Home POLITICS Manhattan sees record 21% office vacancies

Manhattan sees record 21% office vacancies

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Daniel Alpert, managing partner of Westwood Capital, is seen in his office on Fifth Avenue in New York October 15, 2020. - The life of a Wall Street trader was once one of business trips and work dinners, but now it is anything but. The culprit, as with so many of the economic and financial disruptions the United States has faced over the past months, is the coronavirus pandemic, which has rendered life for the brokers, bankers and businessmen fueling the world's largest economy much more lonely. (Photo by TIMOTHY A. CLARY / AFP) (Photo by TIMOTHY A. CLARY/AFP via Getty Images)

Daniel Alpert, managing partner of Westwood Capital, is seen in his office on Fifth Avenue in New York October 15, 2020. - The life of a Wall Street trader was once one of business trips and work dinners, but now it is anything but. The culprit, as with so many of the economic and financial disruptions the United States has faced over the past months, is the coronavirus pandemic, which has rendered life for the brokers, bankers and businessmen fueling the world's largest economy much more lonely. (Photo by TIMOTHY A. CLARY / AFP) (Photo by TIMOTHY A. CLARY/AFP via Getty Images)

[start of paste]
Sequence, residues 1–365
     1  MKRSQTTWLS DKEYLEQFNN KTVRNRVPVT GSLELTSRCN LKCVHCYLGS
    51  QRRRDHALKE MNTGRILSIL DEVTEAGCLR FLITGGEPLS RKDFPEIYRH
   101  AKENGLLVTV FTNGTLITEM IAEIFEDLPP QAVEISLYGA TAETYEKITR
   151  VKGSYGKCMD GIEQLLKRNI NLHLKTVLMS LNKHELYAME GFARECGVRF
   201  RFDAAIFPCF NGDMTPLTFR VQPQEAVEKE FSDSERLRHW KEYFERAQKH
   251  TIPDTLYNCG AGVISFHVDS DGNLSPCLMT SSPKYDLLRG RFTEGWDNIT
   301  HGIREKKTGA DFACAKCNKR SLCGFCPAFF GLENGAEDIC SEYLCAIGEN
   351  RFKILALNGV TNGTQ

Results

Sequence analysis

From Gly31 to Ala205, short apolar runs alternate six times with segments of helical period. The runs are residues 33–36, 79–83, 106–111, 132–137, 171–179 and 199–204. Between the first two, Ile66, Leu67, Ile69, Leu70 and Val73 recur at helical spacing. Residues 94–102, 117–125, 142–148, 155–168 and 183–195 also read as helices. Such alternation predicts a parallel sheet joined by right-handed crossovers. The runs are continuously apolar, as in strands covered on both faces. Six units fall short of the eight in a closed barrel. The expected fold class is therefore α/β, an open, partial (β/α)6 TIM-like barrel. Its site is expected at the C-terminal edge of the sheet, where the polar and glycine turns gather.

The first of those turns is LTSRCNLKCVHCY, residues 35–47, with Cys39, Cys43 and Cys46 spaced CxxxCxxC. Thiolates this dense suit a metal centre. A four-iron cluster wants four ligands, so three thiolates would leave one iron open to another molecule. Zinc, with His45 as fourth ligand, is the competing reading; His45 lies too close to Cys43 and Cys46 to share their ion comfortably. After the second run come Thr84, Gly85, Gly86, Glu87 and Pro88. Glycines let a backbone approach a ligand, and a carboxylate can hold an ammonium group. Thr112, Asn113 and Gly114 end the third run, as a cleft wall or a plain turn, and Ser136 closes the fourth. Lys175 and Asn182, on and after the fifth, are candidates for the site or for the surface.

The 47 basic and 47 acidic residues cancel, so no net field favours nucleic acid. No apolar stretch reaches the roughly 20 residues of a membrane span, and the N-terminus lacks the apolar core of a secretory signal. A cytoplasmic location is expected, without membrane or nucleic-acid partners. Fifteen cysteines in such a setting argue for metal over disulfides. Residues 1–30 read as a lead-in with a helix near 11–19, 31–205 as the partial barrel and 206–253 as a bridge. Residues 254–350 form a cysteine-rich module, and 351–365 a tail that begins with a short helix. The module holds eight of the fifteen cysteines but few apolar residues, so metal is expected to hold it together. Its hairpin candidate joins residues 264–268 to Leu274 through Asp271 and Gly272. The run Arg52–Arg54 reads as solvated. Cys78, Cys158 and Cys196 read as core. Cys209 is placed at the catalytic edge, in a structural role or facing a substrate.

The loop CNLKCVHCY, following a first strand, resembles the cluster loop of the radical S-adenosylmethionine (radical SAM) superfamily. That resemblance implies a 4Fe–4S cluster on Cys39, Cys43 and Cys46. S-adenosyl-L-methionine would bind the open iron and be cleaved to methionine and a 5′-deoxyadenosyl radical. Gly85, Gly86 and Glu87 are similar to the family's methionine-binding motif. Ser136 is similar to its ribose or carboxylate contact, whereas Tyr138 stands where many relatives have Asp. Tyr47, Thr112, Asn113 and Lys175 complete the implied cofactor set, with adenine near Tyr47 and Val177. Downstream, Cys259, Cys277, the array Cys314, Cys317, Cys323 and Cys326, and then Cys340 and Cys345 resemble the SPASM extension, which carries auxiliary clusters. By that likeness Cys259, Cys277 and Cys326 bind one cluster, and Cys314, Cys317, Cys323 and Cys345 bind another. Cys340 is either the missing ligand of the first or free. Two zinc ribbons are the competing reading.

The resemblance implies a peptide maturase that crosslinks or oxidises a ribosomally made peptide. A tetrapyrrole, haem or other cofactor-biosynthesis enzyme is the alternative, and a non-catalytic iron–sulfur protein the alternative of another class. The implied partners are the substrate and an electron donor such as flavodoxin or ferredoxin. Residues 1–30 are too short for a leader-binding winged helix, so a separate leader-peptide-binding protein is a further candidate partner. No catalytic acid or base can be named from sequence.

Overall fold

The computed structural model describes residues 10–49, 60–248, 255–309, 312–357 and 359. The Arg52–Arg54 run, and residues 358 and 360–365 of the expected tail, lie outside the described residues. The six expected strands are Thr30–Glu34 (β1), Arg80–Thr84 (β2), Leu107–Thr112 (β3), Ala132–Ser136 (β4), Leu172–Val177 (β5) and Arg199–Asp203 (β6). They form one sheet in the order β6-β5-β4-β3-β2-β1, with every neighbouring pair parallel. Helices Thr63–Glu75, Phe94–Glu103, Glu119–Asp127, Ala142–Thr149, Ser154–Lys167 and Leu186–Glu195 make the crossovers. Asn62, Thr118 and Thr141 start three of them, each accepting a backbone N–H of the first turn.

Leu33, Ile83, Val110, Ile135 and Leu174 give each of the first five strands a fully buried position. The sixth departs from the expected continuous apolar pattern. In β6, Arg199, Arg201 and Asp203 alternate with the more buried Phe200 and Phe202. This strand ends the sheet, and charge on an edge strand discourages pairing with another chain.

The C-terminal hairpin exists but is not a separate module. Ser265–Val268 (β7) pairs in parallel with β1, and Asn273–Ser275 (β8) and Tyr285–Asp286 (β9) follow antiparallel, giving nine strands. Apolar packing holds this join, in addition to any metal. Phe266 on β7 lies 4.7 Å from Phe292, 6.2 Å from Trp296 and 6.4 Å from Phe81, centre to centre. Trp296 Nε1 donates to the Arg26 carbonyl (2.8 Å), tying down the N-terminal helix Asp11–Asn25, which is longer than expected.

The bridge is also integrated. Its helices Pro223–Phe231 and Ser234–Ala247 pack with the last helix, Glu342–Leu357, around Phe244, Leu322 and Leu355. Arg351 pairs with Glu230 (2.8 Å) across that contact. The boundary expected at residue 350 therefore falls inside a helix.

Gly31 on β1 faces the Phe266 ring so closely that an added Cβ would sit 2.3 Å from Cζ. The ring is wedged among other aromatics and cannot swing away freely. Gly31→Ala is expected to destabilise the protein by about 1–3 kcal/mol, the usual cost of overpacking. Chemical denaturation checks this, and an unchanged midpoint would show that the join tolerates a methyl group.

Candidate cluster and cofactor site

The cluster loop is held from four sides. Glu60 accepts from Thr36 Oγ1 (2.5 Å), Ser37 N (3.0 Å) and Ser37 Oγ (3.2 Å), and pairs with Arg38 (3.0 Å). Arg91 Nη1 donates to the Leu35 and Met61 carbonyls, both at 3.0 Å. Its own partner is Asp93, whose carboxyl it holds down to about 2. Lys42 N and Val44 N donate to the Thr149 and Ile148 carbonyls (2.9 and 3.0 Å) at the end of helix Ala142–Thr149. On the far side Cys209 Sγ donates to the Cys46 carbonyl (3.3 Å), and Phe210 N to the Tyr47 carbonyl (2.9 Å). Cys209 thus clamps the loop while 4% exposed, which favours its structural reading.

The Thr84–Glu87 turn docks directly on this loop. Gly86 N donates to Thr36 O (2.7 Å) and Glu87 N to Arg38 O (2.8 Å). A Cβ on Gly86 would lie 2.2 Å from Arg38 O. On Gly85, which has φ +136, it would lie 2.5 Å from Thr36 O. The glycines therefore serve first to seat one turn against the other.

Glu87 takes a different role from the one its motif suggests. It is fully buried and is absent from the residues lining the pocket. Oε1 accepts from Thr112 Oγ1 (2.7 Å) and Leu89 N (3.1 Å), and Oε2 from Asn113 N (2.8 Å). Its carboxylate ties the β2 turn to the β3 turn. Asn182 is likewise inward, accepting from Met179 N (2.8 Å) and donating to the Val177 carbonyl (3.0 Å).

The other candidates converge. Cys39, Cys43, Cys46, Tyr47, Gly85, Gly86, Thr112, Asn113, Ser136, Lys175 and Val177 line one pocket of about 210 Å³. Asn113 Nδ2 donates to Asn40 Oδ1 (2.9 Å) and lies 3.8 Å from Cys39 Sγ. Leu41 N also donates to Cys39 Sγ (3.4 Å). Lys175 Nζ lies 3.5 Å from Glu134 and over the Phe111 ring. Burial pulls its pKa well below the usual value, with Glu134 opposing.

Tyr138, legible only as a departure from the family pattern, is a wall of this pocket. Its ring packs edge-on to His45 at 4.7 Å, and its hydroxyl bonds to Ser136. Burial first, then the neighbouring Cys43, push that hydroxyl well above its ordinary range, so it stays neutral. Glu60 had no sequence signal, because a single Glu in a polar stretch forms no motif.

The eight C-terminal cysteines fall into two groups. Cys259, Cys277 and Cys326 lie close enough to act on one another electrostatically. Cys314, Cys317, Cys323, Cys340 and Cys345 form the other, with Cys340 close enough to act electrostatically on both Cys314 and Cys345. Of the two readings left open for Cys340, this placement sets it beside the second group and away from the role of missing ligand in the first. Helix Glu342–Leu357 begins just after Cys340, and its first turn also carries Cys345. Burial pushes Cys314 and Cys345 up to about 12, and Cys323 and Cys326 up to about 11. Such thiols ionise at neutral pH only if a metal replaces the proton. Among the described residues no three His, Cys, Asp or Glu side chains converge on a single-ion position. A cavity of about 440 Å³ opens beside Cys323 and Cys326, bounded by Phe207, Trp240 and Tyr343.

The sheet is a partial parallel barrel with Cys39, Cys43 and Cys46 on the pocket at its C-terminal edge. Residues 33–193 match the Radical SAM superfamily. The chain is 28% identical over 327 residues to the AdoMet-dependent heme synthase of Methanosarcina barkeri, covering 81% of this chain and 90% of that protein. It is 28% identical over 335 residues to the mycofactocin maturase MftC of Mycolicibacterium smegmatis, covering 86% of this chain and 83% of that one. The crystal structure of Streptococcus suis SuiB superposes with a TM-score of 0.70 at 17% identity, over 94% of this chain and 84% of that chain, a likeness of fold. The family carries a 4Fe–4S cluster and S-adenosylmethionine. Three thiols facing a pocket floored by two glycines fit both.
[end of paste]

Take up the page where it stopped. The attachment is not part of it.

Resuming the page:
Daniel Alpert, managing partner of Westwood Capital, is seen in his office on Fifth Avenue in New York October 15, 2020. (TIMOTHY A. CLARY/AFP via Getty Images)

OAN Newsroom
UPDATED 2:09 PM PT – Friday, August 13, 2021

Manhattan is experiencing a record high in office vacancies as businesses have continued to flee the Empire State. A Newmark market report said Manhattan’s availability rate reached 21 percent in the second quarter of 2021, which set a new record for the region.

Reports for Midtown and Midtown South showed similarly high vacancies. Meanwhile, analysts said New York’s aggressive COVID-19 lockdown measures forced businesses and workers to leave the city in record numbers.

“The other cities have become more competitive as a result of the pandemic and the whole remote work phenomenon,” said President of Business Organization Partnership for New York City, Kathryn Wylde. “It’s going to require a real shift in public policy toward focusing on quality of life, a positive business climate and affordability.”

High tax rates and a drastic rise in crime have been cited for stunting New York’s economic recovery following the ease of coronavirus restrictions.

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